Patients who have reflux are almost exclusively given ulcer drugs with the rationale to block the development of cancer of the esophagus.
The thinking is that is you can block the constant irritation of acid on the lining of the esophagus, which was not designed for high levels of acidity, you can stop the progression to neoplasia (neoplasia = precancerous cells). Neoplasia can occur with any tissue that is under constant attack and repair. The more a tissue has to replace damaged cells with new ones, the more likely an error in cell division is to occur. Errors can lead to cancer.
At the surface, the idea of blocking acid may seem like a good idea. At least it does until you factor in that in no way does this treatment approach address the reason the reflux is present in the first place. Then, when you factor in the fact that stomach acid is just kind of important in say, EVERYTHING, as this approach begins to sounds like a disaster waiting to happen.
Deep down inside the drug companies are probably aware of this. That’s why every SINGLE drug designed to block stomach acid production clearly states that it is for short-term use only. Usually no longer than 3 months.
And yet patients are put on these drugs for years and years and years and the devastation to health is virtual incalculable.
Our bodies digest. And then our bodies do everything else. Without an intact digestive system optimal health can NOT be achieved. And ulcer drugs absolutely destroy your body’s ability to digest.
As I’ve said consistently in previous articles, if you’ve got a bleeding ulcer (which most likely came from taking aspirin or ibuprofen…) it is not the time to worry about long-term effects of blocking acid. These drugs can be life-saving if you have a bleeding ulcer.
Any other time, however, they are one of the worst things you can take long-term.
The real answer to the problem lies in figuring out where the reflux is coming from. Food allergies (like gluten, dairy, corn, soy), abdominal obesity, tight belts and stress can all play a role in reflux. While fixing some of these can be long-term solutions, digestive enzymes can frequently work miracles in the short-term.
But what about the risk of developing cancer of the esophagus?
Turns out that acid-blocking drugs do little about the progression from Barrett’s esophagus (a pre-cancerous condition of the esophagus). Rather, the answer is far more complex. Things like nitrates in your food choices (which you can read about in a previous article by clicking here) will affect risk.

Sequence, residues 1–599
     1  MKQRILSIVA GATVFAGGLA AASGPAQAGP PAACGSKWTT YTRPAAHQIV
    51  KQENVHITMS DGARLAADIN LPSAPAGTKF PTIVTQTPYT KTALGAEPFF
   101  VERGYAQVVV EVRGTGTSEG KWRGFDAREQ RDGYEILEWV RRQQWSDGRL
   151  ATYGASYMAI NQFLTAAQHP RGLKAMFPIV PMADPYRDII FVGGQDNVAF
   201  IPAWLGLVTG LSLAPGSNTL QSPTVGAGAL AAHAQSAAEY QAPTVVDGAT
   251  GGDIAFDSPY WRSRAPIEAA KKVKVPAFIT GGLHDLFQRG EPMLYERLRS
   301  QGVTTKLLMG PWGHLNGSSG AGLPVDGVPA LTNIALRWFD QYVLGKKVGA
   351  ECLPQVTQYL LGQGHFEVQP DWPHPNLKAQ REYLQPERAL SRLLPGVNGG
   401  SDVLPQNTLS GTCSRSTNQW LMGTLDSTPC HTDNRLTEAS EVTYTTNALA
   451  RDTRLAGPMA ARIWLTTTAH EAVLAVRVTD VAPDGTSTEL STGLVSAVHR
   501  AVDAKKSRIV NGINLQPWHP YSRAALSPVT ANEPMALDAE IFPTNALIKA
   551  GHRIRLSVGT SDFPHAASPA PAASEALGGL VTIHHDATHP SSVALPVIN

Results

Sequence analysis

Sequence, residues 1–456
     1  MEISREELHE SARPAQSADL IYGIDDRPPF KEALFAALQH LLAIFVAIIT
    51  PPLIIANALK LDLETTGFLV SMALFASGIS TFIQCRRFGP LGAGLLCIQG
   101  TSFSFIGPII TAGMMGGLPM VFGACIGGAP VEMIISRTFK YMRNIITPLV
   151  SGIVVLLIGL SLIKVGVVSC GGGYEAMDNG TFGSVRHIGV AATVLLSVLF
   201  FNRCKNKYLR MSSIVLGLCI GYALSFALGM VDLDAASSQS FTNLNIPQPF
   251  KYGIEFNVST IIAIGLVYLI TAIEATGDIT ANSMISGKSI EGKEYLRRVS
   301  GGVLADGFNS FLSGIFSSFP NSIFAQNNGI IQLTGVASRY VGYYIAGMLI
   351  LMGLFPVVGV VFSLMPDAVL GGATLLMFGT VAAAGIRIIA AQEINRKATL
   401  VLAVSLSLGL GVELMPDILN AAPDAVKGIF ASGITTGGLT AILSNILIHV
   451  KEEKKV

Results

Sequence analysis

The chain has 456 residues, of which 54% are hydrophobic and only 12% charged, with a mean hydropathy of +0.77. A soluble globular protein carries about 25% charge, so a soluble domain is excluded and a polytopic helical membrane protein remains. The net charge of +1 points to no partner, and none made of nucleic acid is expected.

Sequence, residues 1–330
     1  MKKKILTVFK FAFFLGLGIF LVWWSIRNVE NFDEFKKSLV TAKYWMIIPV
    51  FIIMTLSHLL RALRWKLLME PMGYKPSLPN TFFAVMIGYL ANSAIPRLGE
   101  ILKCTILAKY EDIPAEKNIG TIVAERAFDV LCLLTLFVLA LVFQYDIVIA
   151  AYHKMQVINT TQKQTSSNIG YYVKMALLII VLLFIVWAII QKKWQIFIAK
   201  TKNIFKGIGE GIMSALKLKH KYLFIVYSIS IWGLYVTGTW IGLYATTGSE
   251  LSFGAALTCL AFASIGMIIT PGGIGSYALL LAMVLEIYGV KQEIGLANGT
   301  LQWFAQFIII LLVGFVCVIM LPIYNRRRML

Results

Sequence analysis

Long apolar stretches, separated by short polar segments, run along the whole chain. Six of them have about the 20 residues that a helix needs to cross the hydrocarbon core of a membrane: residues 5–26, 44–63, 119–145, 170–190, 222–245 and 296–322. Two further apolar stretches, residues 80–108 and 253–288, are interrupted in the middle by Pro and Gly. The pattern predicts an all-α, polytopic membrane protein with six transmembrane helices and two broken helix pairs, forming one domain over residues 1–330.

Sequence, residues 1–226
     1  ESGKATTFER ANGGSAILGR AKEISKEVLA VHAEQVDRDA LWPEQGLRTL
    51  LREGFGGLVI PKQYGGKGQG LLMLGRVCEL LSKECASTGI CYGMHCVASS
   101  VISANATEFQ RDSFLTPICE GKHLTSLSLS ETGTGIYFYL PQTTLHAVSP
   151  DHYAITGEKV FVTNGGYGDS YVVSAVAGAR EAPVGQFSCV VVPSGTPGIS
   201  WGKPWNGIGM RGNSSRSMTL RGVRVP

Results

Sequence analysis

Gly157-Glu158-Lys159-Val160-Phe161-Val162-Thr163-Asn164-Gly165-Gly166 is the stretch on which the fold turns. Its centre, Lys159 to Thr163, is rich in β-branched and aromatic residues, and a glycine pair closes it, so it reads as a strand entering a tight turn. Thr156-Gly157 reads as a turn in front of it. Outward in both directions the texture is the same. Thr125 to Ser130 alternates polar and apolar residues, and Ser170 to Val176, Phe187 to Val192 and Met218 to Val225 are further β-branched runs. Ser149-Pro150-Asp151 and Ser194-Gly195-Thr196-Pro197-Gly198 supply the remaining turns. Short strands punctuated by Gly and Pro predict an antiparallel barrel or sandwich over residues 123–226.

This particular study gives us even more information about factors that will greatly affect your risk of developing cancer of the esophagus.
In it, researchers looked at the relationship between physiology’s arch enemy, inflammation, and the development of esophageal cancer. Specifically, they looked at several markers in a small group of 397 people diagnosed with Barrett’s esophagus:
- C-reactive protein (CRP)
- Interleukin-6 (IL6)
- Soluble tumor necrosis factor (sTNF) receptors I and II
- F2-isoprostanes (a marker of oxidative stress)
They looked at several other lifestyle factors as well. Here’s what they found:
- Those with higher CRP levels had an 80% higher risk of esophageal adenocarcinoma.
- Even worse, those with higher CRP and an elevated waist–hip ratio had a 198% higher risk.
- Higher CRP and smoking upped risk 177%.
- Higher IL6 levels had a 200% higher risk of esophageal cancer.
- Elevated waist-to-hip ratios and smokers did not have a further risk above IL-6.
When you look at these numbers, pay attention to the fact that inflammation is NOT reduced by the use of acid-blocking drugs. In many cases, the use of these drugs to block normal digestion would increase inflammation.
Another important thing to note is that having an elevated waist-to-hip ratio (meaning these people were very likely pre-diabetic) was more dangerous than cigarette smoking.
Got that? More dangerous than cigarette smoking. Everyone knows that smoking is bad for you, but very, very few people truly understand the devastation that pre-diabetes wreaks on your long-term health.
If the 2/3 of society (by my estimation) that are pre-diabetic understood these risks better, maybe we’d pay a little better attention to our lifestyle choices.
The last comment I have to throw out this is that drugs that block acid production are well-known to negatively affect bone health. Poor bone health leads to an increased risk of diabetes (in case you were not aware of this relationship, you can read about it in a previous article by clicking here).
Following this line of thinking, it may very well be that the treatments we THINK are protecting the esophagus are actually increasing the risk of the esophageal cancer we are trying to stop.